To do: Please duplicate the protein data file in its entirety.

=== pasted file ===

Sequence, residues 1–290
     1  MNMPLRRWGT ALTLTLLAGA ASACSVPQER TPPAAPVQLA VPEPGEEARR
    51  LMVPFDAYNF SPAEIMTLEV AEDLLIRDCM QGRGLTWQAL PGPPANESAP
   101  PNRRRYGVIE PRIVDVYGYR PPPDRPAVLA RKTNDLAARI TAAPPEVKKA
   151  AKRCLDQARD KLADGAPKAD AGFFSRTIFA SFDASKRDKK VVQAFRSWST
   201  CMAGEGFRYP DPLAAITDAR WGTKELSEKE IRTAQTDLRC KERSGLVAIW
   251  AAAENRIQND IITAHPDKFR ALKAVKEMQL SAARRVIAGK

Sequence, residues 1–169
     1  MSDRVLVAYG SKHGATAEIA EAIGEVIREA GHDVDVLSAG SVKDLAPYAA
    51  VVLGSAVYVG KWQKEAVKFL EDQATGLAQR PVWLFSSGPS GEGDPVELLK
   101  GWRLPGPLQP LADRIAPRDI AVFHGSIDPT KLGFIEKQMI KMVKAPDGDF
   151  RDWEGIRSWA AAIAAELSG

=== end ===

Sequence, residues 1–290
     1  MNMPLRRWGT ALTLTLLAGA ASACSVPQER TPPAAPVQLA VPEPGEEARR
    51  LMVPFDAYNF SPAEIMTLEV AEDLLIRDCM QGRGLTWQAL PGPPANESAP
   101  PNRRRYGVIE PRIVDVYGYR PPPDRPAVLA RKTNDLAARI TAAPPEVKKA
   151  AKRCLDQARD KLADGAPKAD AGFFSRTIFA SFDASKRDKK VVQAFRSWST
   201  CMAGEGFRYP DPLAAITDAR WGTKELSEKE IRTAQTDLRC KERSGLVAIW
   251  AAAENRIQND IITAHPDKFR ALKAVKEMQL SAARRVIAGK

Sequence, residues 1–169
     1  MSDRVLVAYG SKHGATAEIA EAIGEVIREA GHDVDVLSAG SVKDLAPYAA
    51  VVLGSAVYVG KWQKEAVKFL EDQATGLAQR PVWLFSSGPS GEGDPVELLK
   101  GWRLPGPLQP LADRIAPRDI AVFHGSIDPT KLGFIEKQMI KMVKAPDGDF
   151  RDWEGIRSWA AAIAAELSG